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- From: Paul Tchistopolskii <email@example.com>
- To: firstname.lastname@example.org
- Date: Sat, 27 Nov 1999 00:06:08 -0800
I agree with Rick that this area is actualy
Being Russian engeneer I would say that
restricting element names to English in SML
is very reasonable.
But unfortunately, analyzing the ( 5+ years )
experience of multiple 'Cyrillizations' ( and
some other localizations) ( a *lot* of ) - I should
say that for end-user it *is* critical to be able
to use non-English names for elements and
yes - it could be *very* important.
Even the translations of ( for example )
Windows menus to Russian are realy weired
( not because they were done by bad translators.
they were done by *perfect* translators )
and for engeneer it is realy *much* easier to use
not-localized version than localized, but
majority of 'advanced users' including
some engeneers *do* prefer to name their
files and folders in Russian. SML is not a
programming language. It is a framework....
Conclusion. I think the best approach could
1. Only English *elements* ( but 'any' content)
in SML version 1.
2. 'Any' encoding anywhere in SML version 2.
What is 'any' - it's a big question and 'any' in
(1) could be not the same as 'any' in (2).
I think any reasonable design should postpone
some descisions until the basics are tested
in the real life. Postponing some descisions
to SML version 2 may be reasonable, and
multilingual elements look like such a thing.
----- Original Message -----
From: Rick Jelliffe <email@example.com>
> From: Don Park <firstname.lastname@example.org>
> >The reverse is not true. I dare say that every engineer
> >in the world knows enough English to understand English
> >tag names and attributes names with the aid of readily
> >available dictionary. Ask any foreign engineers if they
> >use names in English or their own language when they name
> >C or C++ identifiers. Ask any foreign engineers if they
> >did not have some English training even before College.
> You would be entirely mistaken in this. Engineers in Africa
> may have French as their second language; engineers from
> ex-Eastern Bloc countries will have Russian as their second language.
> Engineers in China will have Mandarin as their second
> language. And the skills of reading and writing are different:
> many people can recognise English words in context but
> cannot recall them. Asking professional people in America
> if they speak English hardly proves anything.
> And are you saying that SML is a language that only
> engineers should read and write?
> >Internationalization is also less of a problem than you
> This is utterly bogus. Every different language and domain
> area has different problems.
> > Translating English name to foreign words usually
> >results in a weird words. Just ask any foreigner with
> >foreign version of Windows if the menu commands made good
> >sense to them when they first started using it. The fact
> >is that when a person learns how to use computers in non-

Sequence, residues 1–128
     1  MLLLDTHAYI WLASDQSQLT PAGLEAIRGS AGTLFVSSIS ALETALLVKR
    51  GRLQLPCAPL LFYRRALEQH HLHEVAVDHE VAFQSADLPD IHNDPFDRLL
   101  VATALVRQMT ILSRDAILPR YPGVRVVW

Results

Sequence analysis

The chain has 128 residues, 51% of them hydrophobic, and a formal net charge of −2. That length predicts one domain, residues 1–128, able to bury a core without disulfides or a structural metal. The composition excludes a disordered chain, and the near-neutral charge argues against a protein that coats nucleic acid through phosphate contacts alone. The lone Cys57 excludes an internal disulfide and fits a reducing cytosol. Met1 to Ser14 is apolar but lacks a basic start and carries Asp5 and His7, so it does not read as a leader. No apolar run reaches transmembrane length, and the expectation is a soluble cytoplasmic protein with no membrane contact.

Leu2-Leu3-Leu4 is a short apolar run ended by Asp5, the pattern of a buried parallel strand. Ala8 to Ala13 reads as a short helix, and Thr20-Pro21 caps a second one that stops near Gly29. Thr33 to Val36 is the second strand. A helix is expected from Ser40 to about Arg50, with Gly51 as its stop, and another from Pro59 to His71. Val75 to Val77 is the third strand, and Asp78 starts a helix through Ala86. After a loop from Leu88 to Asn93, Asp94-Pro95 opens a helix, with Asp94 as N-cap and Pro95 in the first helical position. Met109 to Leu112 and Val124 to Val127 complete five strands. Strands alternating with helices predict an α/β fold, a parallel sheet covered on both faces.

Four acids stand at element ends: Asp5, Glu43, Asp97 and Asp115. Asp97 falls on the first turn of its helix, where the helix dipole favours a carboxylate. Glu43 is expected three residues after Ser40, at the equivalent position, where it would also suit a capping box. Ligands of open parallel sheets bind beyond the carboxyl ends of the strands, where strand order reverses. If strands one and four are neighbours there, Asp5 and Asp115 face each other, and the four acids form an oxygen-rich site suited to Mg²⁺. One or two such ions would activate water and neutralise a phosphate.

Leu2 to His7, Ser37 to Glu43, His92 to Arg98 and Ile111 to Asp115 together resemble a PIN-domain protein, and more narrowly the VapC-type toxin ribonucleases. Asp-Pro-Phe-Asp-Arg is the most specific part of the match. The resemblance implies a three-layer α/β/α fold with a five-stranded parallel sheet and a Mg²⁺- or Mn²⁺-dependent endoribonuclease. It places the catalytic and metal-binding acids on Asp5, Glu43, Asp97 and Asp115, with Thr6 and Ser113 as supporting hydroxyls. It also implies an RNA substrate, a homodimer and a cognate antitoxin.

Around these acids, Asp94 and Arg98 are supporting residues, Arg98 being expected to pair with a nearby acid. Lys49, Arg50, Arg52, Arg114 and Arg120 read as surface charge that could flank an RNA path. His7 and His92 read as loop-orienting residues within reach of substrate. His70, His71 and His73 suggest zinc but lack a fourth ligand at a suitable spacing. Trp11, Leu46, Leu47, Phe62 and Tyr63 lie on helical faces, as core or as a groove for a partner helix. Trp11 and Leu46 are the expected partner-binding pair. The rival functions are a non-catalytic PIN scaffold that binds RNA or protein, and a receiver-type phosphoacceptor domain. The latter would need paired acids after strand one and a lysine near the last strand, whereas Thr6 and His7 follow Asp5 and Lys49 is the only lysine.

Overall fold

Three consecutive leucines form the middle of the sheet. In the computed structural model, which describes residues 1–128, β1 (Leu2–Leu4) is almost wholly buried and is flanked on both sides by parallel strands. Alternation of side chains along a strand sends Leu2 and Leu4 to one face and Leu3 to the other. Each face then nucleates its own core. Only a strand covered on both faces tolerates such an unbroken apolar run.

> >English speaking countries, they have to learn a whole new
> >set of words consisting of old or uncommon words overloaded
> >with new meanings.
> So we should perpetuate this and make it worse? And it is not
> correct to suggest that a foreign version of Windows has menu
> items that are simply the English words transliterated or directly
> translated. Of course there is a set of meanings of words to learn;
> but why should their be a foreign vocabulary as well?
> >Also, we are going to have a big problem with schema
> >differences in the future and I would rather not have
> >foreign language variations of common tags like <name> and
> ><address> in the pot as well.
> Is this any difference from saying "I don't care how difficult it
> is for losers who find English difficult, as long as it is convenient
> for me?"
> Furthermore, there are many terms that do not have exact
> translations. What is the English equivalent for the Japanese
> address unit "cho"? I helped an accountant at my work
> try to develop standard English translations for payroll
> deduction terms here in Taiwan, and there are many which
> simply are not found in English: without a really complicated
> explaination with multiple English words there is no way
> to give the same markup: looking up words in a dictionary
> is not a productive use of time. Such systems would require
> an extra layer of software to provide UI help, in which case
> the advantage of "simplicity" is lost.
> I agree that it is good to have standard
> terms for common things, and that English is the best choice
> at the moment, but unfortunately not every word exists in
> English and most people in the world do not speak it or read
> Why reduce markup to mere nmemonics rather than be able
> to use names?
> One reason for allowing native language markup is that it
> can enfrachanchise the great proportion of the world who
> are literate but not in English. The goal of markup
> systems should not be to make life easier for programmers,
> but to reduce the requirement for extraneous-to-the-task skills
> as markup is used instead. These extraneous skills should include
> both programming and English-knowledge.
> Rick Jelliffe
> Taipei, Taiwan
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